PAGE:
Alaa Al Aswany: Egyptian citizens must take their fate into their own hands

I’m pleased to see that Alaa Al Aswany, the author of the iconic The Yacoubian Building, is blogging for World Affairs Journal. He has only written two articles so far: here and here. They are insightful calls for action, urging the Egyptian people to start actively resisting Mubarak’s authoritarian regime. Passively submitting to the abuses of the current regime will, Aswany points out, only lead to more abuse. Unfortunately, however, this has been the general approach for most Egyptian citizens:

Generations of Egyptians have grown up in the firm belief that submitting to injustice is wise, and that kowtowing to those in power is the best way to protect oneself from harm. Egyptians have long believed that objecting to the authoritarian system is sheer folly and will never change things for the better, and that those who resist injustice will be detained, tortured, and even killed. Egyptians have believed that coexistence with the authoritarian regime will save them from the harm it can inflict, trusting that the vast apparatus of repression which the state possesses only goes into action to crush those who stand in its way.

In the second article, Aswany focuses on election fraud in Egypt and how the police and other officials refuse to acknowledge the ways that this type of fraud violates Islam. This is “because the books on Islamic law, all written well before elections existed, do not mention elections or election fraud.” Such prescriptive following of religion, Aswany warns, is dangerous when it is the foundation for societal action:

Civil and political rights advance only in two cases: when the society recognizes religion as a promoter and defender of basic values — truth, justice and freedom, or when a society bases itself on an ethical concept whereby the collective human conscience is the ultimate arbiter which sets the criteria for virtue and honesty. However, in countries where religion is detached from human values — talents and resources go to waste, dooming those societies to falling behind in the march of civilization. Those who define religion and piety as set of procedures lead their followers to a false formal piety and undermine the natural sense of conscience, and right and wrong itself. Indeed, it can drive a man to behave appallingly while confident of his goodness, which has been unwisely determined by his correctly performing prescriptive religious obligations.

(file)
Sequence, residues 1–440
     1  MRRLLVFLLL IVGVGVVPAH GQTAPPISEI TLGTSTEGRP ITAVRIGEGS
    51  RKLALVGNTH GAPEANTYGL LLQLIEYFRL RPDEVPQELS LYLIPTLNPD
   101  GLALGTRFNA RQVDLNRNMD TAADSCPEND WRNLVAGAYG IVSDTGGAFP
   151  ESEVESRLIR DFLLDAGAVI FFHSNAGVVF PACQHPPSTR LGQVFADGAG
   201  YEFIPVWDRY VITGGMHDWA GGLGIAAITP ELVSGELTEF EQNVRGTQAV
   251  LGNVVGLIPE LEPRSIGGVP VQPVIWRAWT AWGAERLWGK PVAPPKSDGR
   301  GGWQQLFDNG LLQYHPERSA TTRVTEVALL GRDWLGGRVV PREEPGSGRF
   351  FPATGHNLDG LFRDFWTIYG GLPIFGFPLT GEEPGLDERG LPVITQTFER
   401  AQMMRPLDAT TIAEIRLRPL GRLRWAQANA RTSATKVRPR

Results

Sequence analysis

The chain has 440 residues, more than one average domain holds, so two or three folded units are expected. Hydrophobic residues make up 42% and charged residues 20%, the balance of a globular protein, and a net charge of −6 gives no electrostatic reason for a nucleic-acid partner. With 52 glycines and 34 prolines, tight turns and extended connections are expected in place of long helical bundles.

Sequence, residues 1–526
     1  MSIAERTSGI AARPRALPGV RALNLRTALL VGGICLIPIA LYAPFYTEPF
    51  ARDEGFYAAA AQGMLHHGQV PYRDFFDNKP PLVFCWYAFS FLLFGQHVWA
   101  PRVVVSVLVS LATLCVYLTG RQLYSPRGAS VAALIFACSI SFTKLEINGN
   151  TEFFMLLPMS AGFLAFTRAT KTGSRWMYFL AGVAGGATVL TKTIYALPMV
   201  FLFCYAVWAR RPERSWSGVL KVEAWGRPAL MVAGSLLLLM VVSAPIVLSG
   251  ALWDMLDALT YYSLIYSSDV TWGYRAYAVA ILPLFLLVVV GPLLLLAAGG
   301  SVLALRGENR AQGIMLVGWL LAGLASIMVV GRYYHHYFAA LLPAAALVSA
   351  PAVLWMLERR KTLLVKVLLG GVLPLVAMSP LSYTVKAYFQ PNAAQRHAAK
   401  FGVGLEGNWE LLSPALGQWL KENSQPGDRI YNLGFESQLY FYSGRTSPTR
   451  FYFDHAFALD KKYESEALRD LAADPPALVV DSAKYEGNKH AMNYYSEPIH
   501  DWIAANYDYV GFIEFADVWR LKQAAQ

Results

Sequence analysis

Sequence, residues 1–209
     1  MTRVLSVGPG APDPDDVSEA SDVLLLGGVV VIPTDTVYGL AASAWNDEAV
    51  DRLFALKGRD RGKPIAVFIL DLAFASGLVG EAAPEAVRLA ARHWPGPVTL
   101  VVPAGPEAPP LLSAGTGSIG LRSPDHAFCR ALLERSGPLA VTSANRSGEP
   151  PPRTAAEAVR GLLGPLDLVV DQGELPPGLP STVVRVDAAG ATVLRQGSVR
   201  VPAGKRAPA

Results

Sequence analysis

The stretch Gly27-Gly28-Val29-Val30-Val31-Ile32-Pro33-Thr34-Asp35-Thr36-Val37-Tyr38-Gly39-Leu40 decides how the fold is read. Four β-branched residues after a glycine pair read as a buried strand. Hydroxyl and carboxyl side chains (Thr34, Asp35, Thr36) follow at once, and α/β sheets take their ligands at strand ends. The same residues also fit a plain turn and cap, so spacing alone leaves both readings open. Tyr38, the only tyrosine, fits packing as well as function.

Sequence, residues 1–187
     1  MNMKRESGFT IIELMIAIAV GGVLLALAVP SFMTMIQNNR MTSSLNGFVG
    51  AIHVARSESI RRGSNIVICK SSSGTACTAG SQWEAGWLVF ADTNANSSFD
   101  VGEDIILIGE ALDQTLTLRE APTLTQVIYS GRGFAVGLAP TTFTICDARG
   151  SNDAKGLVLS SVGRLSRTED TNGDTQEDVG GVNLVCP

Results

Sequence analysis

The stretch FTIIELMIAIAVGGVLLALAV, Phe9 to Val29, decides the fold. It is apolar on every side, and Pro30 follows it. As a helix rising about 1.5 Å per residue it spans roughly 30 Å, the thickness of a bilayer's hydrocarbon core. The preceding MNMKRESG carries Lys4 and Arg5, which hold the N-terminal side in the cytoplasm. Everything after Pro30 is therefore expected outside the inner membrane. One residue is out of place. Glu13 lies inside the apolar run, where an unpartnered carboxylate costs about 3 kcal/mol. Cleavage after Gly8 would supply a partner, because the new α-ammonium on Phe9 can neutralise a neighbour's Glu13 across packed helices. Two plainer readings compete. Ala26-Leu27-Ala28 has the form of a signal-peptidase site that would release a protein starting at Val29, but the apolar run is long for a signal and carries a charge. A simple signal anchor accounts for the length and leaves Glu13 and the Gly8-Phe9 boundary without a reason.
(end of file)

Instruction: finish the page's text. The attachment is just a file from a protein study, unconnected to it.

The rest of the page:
Such impassioned criticism and calls for resistance are much needed in the lead-up to next year’s elections. Without some concerted effort to resist Mubarak and the culture of corruption and impunity that characterises his regime, the abusive status quo will undoubtedly remain. Depressingly, even with an active effort to resist Mubarak, there is a good chance he will remain in power. But that should not stop people from working to generate much-needed change in Egypt.

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Force Feeding of Girls in Mauritania

I am horrified to learn that girls are force-fed in Mauritania because “fat is beautiful.” Girls are locked away and forced to eat up to 16,000 calories a day. They are literally human foie gras. There are a number of articles on this topic, such as one by the Guardian (here) or Child Rights Information Network (here) or Marie Claire (here).

It is horrifying what women are forced to endure in order to conform to societal expectations of beauty. I clicked on the initial story with a headline about “big is beautiful in Mauritania” because I thought it would be an uplifting story celebrating the beauty of women’s curves (in good contrast to the promotion of skeletal female bodies in the US and UK etc). No such luck!